Monday was mid term presentations in Art History class--yea, we are already at mid terms. Did i mention I can't believe we are half way through the program? Anyway, they went well and today (tuesday) in History class, we went to the Staropramen brewery. Only in the Czech Republic can you have a beer with your class at 10am. I've said this before, but I'm really happy with the classes I ended up in. The teachers are great, the material is interesting, and the almost daily field trips are a great way to learn!

In other news: Off to Rome on Thursday! Seriously excited. Hope everyone enjoys the rest of the week (& survives the heat--it's worse in Philly, though, right?!).

Cesky Krumlov

This weekend I participated in an organized weekend trip to Cesky Krumlov, the “country-side” of the Czech Republic.  It is in the South Bohemian Region of the country and features the Cesky Krumlov Castle, small market shopping, and incredible sights!  Upon our arrival, we settled into our hostels, which were more like bed-and-breakfasts, and had a group lunch.  We then ventured to the Cesky Krumlov Castle for a tour of the Castle Theatre.  This theatre was built in the 1680’s and is one of the only original Baroque theatres that still exist in such good condition today.  We were able to sit on the original theatre benches, experience the workings of the shows from under the stage, and hear the original sound machines that were used.  We were unable to take photos so click here for some extra information and images of the Castle Theatre.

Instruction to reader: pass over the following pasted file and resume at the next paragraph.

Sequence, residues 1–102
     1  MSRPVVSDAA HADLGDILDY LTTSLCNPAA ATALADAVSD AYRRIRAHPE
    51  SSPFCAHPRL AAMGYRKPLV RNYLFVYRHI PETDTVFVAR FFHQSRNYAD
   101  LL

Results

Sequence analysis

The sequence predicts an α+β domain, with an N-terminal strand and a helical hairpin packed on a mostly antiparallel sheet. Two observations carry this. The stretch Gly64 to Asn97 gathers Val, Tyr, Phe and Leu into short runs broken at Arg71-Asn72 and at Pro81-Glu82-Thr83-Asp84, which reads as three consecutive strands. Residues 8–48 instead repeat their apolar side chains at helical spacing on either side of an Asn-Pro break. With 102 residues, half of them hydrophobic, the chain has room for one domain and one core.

A beautiful view of the town, Cesky Krumlov.

The next morning, we left Cesky Krumlov to visit the Budweiser Budvar Brewery.  This brewery is home to one of the best local beers in the Czech Republic and has nothing in common with the Budweiser we know in America.  The tour was extremely interesting as we were able to see each step of the brewing and packaging processes.  We also sampled some beer right from the barrel before it was pasteurized.  That’s about as fresh as it gets!  I thought that the best part of the tour was the packing plant as it was equipped with state of the art technology.  The precision that the machines possess is truly impressive.

One of the impressive machines at the Budweiser Budvar Brewery.

This is a short week for most of us in Prague as we are traveling to Vienna, Austria on Thursday!  We have a lot planned for our long weekend and I am excited to experience another country.  Check in next week to see how my trip went!